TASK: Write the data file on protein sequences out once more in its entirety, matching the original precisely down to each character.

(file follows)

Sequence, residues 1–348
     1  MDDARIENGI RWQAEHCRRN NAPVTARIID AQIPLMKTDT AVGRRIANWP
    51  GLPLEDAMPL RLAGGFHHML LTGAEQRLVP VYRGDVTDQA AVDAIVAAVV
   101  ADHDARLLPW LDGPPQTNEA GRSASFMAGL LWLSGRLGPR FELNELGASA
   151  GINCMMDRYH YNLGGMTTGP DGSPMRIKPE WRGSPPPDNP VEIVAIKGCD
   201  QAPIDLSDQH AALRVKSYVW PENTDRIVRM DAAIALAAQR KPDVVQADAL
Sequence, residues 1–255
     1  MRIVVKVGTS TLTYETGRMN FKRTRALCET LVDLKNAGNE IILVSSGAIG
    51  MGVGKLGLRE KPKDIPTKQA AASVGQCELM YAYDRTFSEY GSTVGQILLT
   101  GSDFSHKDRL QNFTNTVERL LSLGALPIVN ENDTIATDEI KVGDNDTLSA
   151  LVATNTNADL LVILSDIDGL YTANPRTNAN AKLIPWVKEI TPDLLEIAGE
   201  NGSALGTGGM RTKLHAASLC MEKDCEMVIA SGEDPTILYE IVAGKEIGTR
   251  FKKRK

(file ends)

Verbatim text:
Sequence, residues 1–348
     1  MDDARIENGI RWQAEHCRRN NAPVTARIID AQIPLMKTDT AVGRRIANWP
    51  GLPLEDAMPL RLAGGFHHML LTGAEQRLVP VYRGDVTDQA AVDAIVAAVV
   101  ADHDARLLPW LDGPPQTNEA GRSASFMAGL LWLSGRLGPR FELNELGASA
   151  GINCMMDRYH YNLGGMTTGP DGSPMRIKPE WRGSPPPDNP VEIVAIKGCD
   201  QAPIDLSDQH AALRVKSYVW PENTDRIVRM DAAIALAAQR KPDVVQADAL
Sequence, residues 1–255
     1  MRIVVKVGTS TLTYETGRMN FKRTRALCET LVDLKNAGNE IILVSSGAIG
    51  MGVGKLGLRE KPKDIPTKQA AASVGQCELM YAYDRTFSEY GSTVGQILLT
   101  GSDFSHKDRL QNFTNTVERL LSLGALPIVN ENDTIATDEI KVGDNDTLSA
   151  LVATNTNADL LVILSDIDGL YTANPRTNAN AKLIPWVKEI TPDLLEIAGE
   201  NGSALGTGGM RTKLHAASLC MEKDCEMVIA SGEDPTILYE IVAGKEIGTR
   251  FKKRK